This week's Councillor Column is written by Lorna Douglas, SNP councillor for Helensburgh Central.

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While waiting for a friend to arrive at Helensburgh Central station the other day I noticed a signpost directing visitors to key attractions in Helensburgh. The two signs pointing to the right were for Hermitage Park and Hill House.

Both these attractions have seen great support and investment not just financially but from the communities that value the spaces they provide.

Hill House, where I used to volunteer to work as a teenager – before the days of the National Trust – is now, more than ever, a major tourist destination. The organisations that have acted as its caretakers have always had the drive, ambition and foresight to keep this valuable building going for future generations.

READ MORE: Work starts on £4.5m Hill House rescue bid

Hermitage Park, of which I have fond teenage and family memories, has seen incredible change over the last few years. It was lovely to see the play park so busy the other day with children and adults having fun outside in the sunshine. Regeneration all round for the park and people alike!

This has happened because members of our community with drive, ambition and foresight decided to become the caretakers of the park because they too valued it and wanted to preserve it for future generations.

READ MORE: Young people 'hold key' to future of Hermitage Park

The two signs pointing left, Tourist Information and Seafront and Ferry Terminal, tell a different story. The Tourist Information Centre, though an important destination, could technically be anywhere in the town, and there are many who have and are driving this ambition forward.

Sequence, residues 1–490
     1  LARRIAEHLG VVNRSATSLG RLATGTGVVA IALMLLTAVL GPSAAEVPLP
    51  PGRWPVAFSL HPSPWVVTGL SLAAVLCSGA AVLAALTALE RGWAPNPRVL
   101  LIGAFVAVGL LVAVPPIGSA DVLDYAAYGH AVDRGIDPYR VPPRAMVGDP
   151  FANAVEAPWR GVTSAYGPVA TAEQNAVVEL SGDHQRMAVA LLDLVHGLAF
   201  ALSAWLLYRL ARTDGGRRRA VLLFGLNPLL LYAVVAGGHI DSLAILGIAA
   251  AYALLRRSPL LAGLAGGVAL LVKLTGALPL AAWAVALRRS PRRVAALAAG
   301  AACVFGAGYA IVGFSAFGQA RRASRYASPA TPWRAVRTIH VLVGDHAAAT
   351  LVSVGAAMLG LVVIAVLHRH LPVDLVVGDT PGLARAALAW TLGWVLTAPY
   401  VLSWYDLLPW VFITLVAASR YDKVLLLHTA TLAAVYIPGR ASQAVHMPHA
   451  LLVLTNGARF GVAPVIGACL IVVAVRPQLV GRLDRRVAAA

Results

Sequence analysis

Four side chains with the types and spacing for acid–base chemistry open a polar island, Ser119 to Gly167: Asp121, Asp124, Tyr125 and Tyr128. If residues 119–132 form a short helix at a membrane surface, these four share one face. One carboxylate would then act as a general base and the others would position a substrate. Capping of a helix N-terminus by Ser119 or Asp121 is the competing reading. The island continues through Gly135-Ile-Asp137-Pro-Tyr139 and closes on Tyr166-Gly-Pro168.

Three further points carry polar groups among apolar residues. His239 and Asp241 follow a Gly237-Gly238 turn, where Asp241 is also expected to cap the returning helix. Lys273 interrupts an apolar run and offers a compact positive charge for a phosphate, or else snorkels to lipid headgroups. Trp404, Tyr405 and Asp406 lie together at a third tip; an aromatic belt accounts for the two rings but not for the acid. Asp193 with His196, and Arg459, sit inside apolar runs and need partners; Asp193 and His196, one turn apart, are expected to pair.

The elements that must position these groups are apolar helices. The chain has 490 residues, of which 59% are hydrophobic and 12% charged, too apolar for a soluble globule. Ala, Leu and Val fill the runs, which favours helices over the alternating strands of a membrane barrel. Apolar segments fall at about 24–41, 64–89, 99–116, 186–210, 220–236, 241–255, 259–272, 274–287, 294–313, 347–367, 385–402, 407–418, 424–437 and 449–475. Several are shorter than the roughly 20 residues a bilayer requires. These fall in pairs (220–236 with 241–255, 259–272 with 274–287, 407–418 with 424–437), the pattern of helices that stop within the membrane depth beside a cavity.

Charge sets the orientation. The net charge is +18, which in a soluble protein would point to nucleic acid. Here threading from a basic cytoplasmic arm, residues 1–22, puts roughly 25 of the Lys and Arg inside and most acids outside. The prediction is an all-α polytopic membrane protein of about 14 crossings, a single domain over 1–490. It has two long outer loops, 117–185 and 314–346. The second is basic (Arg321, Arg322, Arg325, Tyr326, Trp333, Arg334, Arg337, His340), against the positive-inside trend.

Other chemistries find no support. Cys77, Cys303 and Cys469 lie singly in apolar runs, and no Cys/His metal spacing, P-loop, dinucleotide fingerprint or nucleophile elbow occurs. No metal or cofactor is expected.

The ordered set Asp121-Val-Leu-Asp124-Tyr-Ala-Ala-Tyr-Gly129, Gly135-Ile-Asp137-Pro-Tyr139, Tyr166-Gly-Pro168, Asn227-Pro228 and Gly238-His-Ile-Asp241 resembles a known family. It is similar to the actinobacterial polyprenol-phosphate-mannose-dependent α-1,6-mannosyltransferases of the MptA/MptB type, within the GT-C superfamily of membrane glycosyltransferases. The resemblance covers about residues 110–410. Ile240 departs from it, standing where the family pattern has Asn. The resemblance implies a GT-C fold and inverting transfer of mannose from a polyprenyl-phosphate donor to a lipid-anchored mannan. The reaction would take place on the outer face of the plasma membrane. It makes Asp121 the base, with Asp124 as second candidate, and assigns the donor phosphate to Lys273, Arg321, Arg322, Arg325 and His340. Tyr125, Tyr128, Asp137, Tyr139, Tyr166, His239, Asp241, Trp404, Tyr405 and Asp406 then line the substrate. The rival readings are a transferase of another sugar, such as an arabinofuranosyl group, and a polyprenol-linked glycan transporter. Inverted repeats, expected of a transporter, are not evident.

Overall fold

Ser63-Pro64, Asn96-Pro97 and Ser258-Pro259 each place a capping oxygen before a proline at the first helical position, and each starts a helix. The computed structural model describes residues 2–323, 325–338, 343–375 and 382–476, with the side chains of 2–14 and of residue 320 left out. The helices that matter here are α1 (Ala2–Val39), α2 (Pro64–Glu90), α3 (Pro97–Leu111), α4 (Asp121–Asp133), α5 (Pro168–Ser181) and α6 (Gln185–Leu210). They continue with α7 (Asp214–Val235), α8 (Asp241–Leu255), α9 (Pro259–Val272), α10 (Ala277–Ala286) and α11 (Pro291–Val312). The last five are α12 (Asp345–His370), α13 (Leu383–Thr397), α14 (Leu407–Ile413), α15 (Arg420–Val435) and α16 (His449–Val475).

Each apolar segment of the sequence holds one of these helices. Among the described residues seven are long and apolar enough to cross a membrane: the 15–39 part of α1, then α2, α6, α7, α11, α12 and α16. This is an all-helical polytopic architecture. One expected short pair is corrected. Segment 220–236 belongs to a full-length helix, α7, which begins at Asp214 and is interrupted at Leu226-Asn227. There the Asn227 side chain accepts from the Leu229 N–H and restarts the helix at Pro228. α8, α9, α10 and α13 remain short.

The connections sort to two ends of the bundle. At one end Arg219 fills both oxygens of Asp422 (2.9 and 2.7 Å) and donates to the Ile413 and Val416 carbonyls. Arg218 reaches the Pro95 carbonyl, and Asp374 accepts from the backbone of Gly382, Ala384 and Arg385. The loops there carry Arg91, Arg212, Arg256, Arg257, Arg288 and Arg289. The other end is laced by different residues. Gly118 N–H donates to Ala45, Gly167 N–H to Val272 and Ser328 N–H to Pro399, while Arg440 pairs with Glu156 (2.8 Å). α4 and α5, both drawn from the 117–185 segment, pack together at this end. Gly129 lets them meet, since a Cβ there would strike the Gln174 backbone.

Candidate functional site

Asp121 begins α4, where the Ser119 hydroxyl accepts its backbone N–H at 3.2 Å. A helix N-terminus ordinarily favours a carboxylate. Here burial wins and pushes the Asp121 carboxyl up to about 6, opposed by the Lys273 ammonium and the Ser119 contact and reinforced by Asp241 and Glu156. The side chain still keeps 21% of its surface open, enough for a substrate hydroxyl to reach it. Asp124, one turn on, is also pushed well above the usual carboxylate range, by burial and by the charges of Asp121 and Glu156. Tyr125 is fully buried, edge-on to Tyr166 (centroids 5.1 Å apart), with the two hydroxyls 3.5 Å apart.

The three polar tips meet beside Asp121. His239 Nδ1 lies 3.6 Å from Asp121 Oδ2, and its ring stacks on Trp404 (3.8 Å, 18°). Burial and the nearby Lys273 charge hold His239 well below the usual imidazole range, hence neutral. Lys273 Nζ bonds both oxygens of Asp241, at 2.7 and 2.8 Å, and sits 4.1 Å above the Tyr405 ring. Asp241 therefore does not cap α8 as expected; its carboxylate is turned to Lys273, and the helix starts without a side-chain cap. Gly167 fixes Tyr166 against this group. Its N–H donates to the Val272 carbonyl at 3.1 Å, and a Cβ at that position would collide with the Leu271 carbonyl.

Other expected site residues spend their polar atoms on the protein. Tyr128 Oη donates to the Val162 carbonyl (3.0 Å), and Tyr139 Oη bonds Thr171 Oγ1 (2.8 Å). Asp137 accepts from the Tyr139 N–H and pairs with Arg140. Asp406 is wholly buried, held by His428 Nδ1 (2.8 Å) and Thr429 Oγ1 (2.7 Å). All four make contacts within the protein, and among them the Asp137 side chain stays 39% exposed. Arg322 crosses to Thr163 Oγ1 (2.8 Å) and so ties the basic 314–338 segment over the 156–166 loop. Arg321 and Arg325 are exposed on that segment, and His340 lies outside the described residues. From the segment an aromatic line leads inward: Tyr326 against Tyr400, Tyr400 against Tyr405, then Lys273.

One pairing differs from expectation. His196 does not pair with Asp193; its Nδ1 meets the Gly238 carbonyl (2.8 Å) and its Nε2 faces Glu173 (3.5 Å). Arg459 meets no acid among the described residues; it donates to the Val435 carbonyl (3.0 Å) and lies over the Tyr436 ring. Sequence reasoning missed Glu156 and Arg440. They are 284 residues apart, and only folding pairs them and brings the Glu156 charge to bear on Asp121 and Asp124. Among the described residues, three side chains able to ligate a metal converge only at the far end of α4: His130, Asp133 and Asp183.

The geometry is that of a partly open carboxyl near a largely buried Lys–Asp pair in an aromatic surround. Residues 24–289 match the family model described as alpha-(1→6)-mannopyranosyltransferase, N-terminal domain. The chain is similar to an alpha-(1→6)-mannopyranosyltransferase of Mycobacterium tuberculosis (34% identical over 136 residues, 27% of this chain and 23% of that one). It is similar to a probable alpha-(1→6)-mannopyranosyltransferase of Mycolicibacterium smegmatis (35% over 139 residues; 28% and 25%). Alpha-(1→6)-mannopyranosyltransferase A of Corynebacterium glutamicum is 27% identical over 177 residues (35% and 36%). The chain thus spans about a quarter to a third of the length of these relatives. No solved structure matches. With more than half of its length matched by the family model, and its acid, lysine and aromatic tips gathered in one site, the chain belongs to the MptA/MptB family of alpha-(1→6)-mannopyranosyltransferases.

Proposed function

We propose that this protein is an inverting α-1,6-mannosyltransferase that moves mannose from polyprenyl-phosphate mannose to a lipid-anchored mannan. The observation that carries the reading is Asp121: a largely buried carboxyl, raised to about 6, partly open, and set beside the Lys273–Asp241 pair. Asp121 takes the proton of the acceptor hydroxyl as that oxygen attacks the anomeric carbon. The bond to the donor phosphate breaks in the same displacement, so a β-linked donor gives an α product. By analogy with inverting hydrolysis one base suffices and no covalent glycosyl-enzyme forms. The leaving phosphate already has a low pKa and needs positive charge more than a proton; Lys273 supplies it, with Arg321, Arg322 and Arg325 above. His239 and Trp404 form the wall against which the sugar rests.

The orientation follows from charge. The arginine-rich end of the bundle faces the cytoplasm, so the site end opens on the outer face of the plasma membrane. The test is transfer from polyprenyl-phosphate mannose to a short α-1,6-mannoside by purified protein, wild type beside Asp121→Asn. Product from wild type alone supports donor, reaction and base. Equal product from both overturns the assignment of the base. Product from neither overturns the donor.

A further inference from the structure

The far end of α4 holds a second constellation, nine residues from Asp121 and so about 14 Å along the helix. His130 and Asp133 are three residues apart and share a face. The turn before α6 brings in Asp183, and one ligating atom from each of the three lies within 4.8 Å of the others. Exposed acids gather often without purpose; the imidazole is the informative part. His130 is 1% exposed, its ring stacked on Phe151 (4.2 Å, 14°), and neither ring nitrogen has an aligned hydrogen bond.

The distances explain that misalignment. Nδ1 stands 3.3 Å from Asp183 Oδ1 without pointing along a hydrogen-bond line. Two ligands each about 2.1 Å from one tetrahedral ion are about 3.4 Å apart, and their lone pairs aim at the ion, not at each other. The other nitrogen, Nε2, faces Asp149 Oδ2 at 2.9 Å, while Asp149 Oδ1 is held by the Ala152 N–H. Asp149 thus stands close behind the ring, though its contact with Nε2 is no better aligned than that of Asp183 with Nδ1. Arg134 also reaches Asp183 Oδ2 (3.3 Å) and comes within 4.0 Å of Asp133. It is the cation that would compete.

The seafront attracts thousands of visitors every year. People love to walk, run, cycle and sit along it, and although the CHORD project regenerated some of the seafront there is still much to be done.

The ferry terminal, or the pier, is, as The Proclaimers would say, no more. Why? Well, because there was no drive, no ambition and no foresight within the past decade(s) of council administrations to preserve it.

Rather than being innovative, they have merely managed its decline, and so today we have no ferries, no Waverley and no functioning pier.

READ MORE: Helensburgh backs its pier as 1,000 sign Waverley petition

The Helensburgh Seafront Development Project has the drive, ambition and foresight to address the ‘no pier, no ferry, no Waverley’ situation. Sadly, the local councillors in the Tory/Lib Dem administration voted against a proposal supported by the other councillors to nurture the drive, ambition and foresight of the HSDP in valuing, preserving, and regenerating our iconic seafront heritage for generations to come.